Friday, October 14, 2011

The Unforgivable Sin

Matthew mangled a prophesy to associate Isaiah's metaphorical Suffering Servant with Jesus. Then we came upon the story where Jesus is accused of casting out demons through the power of Satan. Jesus could not think of a good reason why Satan would do such a thing, despite knowing that Satan is a top-notch deceiver. The topic of this study is directly hooked to this blaspheming of Jesus by Matthew and Mark, but Luke tucks it away in a different location.

The Unforgivable Sin
The gift of divine forgiveness is unfathomable. There is nothing you can do which cannot be forgiven by God through the blood of Jesus. That goes anywhere from garden variety sins all the way up to world changing evil. Hitler, the man most frequently referenced as evil incarnate in our times, could have been forgiven by God though Jesus. After all, who knows if he finally saw the light of God and repented of his sins in those final moments in the bunker? Whether or not God would have accepted such a last-minute repentance would be up to Jesus, but we know that through Jesus anything can be forgiven. Well, almost anything...

You see, there is one thing which really gets under God's skin, if He has skin to get under. Matthew 12:31-32 and Luke 12:10 both capture this pet peeve similarly to the more-blunt-and-concise Mark 3:28-29:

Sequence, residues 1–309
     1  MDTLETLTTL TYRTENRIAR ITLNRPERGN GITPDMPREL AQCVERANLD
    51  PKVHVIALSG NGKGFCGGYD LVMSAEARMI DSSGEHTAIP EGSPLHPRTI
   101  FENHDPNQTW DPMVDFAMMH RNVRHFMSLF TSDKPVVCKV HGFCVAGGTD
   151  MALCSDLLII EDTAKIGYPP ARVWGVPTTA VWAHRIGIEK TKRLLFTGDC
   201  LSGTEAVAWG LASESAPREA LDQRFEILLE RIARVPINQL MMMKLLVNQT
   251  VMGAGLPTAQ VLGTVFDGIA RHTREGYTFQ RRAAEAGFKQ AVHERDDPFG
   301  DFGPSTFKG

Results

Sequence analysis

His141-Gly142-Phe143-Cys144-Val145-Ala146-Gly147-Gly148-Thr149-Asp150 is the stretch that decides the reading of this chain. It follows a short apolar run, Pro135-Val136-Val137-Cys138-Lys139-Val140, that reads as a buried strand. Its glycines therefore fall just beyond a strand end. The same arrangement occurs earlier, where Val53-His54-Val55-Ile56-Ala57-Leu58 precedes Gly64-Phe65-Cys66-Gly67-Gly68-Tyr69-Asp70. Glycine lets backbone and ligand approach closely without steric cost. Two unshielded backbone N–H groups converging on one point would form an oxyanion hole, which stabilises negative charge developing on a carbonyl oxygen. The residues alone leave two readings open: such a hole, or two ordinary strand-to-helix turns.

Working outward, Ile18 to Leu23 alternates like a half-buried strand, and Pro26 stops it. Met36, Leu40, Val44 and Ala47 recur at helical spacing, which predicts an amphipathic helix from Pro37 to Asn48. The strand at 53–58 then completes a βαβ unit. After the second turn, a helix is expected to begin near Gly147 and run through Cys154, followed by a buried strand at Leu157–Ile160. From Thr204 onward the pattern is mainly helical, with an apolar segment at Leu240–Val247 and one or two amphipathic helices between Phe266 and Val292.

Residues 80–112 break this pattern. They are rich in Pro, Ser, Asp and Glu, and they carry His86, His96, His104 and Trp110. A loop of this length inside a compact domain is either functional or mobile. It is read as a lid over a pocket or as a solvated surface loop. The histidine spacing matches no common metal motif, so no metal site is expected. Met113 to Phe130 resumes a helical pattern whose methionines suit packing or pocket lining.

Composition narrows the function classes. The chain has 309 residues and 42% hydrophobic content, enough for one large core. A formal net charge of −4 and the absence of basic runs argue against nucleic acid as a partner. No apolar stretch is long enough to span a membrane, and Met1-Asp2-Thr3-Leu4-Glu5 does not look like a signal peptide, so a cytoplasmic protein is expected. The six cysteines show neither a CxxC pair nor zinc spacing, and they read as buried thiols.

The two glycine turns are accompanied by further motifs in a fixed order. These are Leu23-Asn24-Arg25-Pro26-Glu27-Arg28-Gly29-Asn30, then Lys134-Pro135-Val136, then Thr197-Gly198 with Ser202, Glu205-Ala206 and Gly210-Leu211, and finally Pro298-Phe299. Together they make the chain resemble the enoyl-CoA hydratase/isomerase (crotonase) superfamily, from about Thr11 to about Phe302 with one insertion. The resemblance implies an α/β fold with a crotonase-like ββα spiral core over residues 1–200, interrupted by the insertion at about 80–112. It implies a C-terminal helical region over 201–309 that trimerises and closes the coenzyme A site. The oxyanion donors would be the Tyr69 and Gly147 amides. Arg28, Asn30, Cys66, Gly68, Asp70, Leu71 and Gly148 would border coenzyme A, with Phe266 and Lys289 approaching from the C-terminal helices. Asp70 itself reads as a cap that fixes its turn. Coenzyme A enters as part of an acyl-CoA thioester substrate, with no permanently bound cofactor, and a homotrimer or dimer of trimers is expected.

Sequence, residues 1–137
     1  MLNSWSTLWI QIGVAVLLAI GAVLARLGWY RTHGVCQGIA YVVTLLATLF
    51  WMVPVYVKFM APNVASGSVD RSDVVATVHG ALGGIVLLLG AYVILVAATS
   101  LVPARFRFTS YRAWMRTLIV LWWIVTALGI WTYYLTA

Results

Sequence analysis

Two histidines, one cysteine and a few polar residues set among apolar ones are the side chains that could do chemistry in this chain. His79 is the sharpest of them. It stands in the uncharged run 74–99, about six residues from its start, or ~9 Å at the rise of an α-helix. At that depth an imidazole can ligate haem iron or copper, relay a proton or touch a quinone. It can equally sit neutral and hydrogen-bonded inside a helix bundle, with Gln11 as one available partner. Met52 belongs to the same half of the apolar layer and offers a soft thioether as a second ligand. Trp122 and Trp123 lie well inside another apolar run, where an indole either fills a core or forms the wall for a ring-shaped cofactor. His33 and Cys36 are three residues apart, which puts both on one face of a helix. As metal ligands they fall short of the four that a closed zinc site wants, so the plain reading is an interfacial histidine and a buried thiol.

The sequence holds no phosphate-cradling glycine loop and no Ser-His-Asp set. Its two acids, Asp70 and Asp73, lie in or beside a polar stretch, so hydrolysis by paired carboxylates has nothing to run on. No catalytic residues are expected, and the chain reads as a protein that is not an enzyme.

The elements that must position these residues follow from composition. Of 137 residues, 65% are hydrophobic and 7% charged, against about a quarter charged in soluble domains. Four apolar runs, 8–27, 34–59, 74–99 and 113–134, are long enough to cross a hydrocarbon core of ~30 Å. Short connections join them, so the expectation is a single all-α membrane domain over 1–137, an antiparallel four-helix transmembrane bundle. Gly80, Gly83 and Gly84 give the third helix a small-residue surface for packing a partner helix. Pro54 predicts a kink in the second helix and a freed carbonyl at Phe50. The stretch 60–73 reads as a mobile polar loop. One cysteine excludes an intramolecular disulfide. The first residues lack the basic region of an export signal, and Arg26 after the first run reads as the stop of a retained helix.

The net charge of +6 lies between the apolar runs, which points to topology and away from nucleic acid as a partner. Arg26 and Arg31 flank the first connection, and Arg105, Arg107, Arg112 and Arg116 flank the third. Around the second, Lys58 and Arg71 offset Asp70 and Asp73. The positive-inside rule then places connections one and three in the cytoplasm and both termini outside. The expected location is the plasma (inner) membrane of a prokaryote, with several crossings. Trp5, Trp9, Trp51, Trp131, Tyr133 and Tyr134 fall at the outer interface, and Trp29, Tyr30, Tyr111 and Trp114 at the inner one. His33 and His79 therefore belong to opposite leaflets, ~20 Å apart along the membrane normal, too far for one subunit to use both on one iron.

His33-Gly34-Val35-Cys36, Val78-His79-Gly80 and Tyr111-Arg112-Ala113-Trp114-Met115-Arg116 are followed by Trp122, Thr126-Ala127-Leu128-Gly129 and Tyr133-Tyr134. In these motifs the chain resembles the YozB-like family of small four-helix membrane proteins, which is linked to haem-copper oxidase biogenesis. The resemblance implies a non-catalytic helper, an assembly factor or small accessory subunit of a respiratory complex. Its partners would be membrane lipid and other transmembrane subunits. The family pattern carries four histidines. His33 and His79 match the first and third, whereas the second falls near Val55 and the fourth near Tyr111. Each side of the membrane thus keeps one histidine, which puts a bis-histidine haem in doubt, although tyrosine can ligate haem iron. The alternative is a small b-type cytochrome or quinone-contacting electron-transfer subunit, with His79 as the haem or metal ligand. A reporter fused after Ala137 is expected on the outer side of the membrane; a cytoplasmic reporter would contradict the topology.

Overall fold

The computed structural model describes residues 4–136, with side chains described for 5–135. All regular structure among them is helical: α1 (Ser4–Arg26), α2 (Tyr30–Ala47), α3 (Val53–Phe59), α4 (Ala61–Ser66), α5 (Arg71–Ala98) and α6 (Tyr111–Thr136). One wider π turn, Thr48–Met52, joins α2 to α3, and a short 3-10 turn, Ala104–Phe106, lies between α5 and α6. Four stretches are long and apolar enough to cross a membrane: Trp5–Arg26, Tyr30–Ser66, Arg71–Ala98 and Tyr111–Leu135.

"I tell you the truth, all the sins and blasphemies of men will be forgiven them. But whoever blasphemes against the Holy Spirit will never be forgiven; he is guilty of an eternal sin." NIV

You can torture and slay a thousand people and still enter heaven. You can scream at God for being a wicked despot and still enter heaven. You can call Jesus an hypocritical zombie and still enter heaven. However, if you merely mention that the Holy Ghost is just a tramp in a white bed sheet, then you lose all hope of Salvation, because that sin cannot be forgiven.

The idea that the words you say, even if just said once, can condemn for eternity is difficult to accept from a loving and patient God who perfectly understands the emotional roller coaster that is human life. In fact, the believers of the more-loving version of God which I have encountered reject such a notion. Instead, they try to recast this as a statement saying that this pertains only to who reject God continually throughout their lives.

However, that liberal interpretation is not supported by Matthew and Mark, because this statement is tied to the Pharisees (Matthew 12:24) or teachers of the Law (Mark 3:22) accusing Jesus of casting out demons through the power of Satan. While it is only an implicit connection in Matthew, it is explicitly claimed in Mark 3:30:
[Jesus] said this because [the teachers of the Law] were saying, "He has an evil spirit." NIV

By Jesus' words, these teachers' words had just condemned them for all eternity. That is why you find Jesus saying just a few verses later in Matthew 12:37:
"For by your words you will be acquitted, and by your words you will be condemned." NIV
Interestingly enough, this attitude is somewhat consistent with what we find in the Old Testament. As part of the popular version of the Ten Commandments, you find God say the following in Exodus 20:7:
"You shall not misuse the name of the Lord your God, for the Lord will not hold anyone guiltless who misuses His name." NIV